Most of the time, homeless people worry about where they are going to sleep at night and whether they are going to eat anything other than the type of food they are eating. Because of this, many homeless people struggle with malnutrition. This review analyzes nutrition and related health problems among homeless Americans, summarizes recent information, and identifies needs for future services and research. The nature of homelessness today provides a context for discussion.
Many homeless people eat fewer meals a day, lack food more often, and are more likely to have an inadequate diet and a worse nutritional status than people staying in the U.S. UU. However, many homeless people who qualify for food stamps don't get them. While public and private agencies provide nutritious food and meals to the homeless, the availability of services for the homeless is limited.
Many homeless people lack adequate medical care, and certain nutrition-related health problems prevail among them. Compared to housed populations, alcoholism, anemia, and growth problems are more common among the homeless, and pregnancy rates are higher. The risks of malnutrition, nutrition-related health problems, drug and alcohol abuse, and mental illness vary among people who are homeless. For example, among the homeless, there are fewer heads of household than single adults who use substances, and the prevalence of mental illness varies between single men, single women, and parents of homeless families.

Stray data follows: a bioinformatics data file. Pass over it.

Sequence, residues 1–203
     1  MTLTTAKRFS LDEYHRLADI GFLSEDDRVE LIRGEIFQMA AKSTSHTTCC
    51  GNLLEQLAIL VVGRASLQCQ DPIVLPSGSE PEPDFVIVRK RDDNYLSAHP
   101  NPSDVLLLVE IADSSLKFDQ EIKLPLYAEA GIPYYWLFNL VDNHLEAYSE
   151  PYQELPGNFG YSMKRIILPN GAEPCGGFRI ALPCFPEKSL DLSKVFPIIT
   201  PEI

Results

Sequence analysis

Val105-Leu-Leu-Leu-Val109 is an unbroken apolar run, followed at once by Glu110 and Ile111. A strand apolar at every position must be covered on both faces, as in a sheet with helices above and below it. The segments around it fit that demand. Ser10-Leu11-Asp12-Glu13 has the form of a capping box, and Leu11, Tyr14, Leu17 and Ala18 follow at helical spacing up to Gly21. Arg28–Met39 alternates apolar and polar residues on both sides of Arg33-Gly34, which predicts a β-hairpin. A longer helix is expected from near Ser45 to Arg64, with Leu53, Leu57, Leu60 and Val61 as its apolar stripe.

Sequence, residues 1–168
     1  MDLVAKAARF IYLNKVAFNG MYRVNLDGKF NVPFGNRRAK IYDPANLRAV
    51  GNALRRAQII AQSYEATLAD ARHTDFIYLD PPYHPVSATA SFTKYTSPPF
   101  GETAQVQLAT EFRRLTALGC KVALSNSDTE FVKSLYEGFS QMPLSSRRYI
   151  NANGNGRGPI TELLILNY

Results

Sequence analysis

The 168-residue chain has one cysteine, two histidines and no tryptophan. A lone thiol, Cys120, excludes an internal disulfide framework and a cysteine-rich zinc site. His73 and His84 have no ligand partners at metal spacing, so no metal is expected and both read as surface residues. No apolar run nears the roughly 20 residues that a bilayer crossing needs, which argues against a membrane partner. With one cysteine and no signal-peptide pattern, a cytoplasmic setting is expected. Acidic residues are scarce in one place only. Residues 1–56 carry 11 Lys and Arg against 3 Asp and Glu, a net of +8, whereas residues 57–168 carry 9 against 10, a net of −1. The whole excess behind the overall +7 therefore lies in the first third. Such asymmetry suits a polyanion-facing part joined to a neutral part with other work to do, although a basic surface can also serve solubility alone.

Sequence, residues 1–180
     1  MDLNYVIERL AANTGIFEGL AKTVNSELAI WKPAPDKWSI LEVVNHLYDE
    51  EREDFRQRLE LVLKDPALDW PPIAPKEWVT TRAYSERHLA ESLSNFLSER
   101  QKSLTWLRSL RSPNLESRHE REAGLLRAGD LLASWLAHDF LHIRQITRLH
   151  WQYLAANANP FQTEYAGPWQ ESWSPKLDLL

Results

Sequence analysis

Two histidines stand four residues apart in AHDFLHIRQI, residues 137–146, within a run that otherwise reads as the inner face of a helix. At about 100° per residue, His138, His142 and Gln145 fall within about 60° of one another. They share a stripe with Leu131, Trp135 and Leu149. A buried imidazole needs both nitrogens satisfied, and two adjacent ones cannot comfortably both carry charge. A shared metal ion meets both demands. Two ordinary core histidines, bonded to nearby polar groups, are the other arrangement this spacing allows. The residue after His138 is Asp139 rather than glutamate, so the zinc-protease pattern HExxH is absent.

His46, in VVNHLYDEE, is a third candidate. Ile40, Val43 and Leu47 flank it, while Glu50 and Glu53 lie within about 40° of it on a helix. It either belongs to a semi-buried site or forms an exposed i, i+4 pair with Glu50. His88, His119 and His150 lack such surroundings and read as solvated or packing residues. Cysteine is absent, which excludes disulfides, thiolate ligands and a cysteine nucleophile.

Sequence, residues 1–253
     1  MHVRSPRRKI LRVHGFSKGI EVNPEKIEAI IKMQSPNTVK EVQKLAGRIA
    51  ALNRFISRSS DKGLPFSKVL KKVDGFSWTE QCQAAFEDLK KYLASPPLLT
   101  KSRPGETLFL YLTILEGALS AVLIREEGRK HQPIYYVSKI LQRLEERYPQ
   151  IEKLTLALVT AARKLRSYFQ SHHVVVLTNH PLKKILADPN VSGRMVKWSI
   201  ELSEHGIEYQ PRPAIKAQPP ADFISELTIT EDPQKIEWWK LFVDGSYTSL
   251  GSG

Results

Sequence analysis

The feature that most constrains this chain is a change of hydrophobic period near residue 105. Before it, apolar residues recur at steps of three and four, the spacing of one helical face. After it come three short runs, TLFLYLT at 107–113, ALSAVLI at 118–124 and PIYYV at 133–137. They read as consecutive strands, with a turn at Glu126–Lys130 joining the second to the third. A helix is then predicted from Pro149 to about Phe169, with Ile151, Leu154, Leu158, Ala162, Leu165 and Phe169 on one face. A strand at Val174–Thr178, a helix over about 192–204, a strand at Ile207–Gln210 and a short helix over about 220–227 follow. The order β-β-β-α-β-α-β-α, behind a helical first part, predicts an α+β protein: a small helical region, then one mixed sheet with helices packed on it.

Homeless people need better access to food, nutrition and health services. They must have more nutrition education for themselves and for service providers. The use of representative samples and the validation of self-reported nutrition and health data will help future researchers clarify the relationships between the characteristics of homeless people and their nutritional status. Hunger has long been associated with extreme poverty and homelessness.
However, the growing lack of constant access to nutritious foods causes everyone to talk. While food insecurity can be a problem in any community, it is often compounded by the lack of support and belonging that comes with living in poverty. Social support is essential to prevent and combat food insecurity and its related problems, such as obesity and other preventable diseases. One that becomes intergenerational and directly affects a person's ability to succeed in school and find employment.
These symptoms reduce people's ability to cope with life on the street and can make it difficult for them to access housing and services. Higher rates of food insecurity in moderate to low income households in the United States (and not just those living at or below the poverty level) have made this topic a hot topic. Although it occurred in all communities, it affected homeless people, communities of color, people with a pre-existing medical condition, and extremely poor people more than those who had access to health care, had their basic needs met, had adequate nutrition, and lived healthy lives before the pandemic. Food insecurity may not be the cause of homelessness, but those who experience it on a regular basis are at much greater risk of homelessness.
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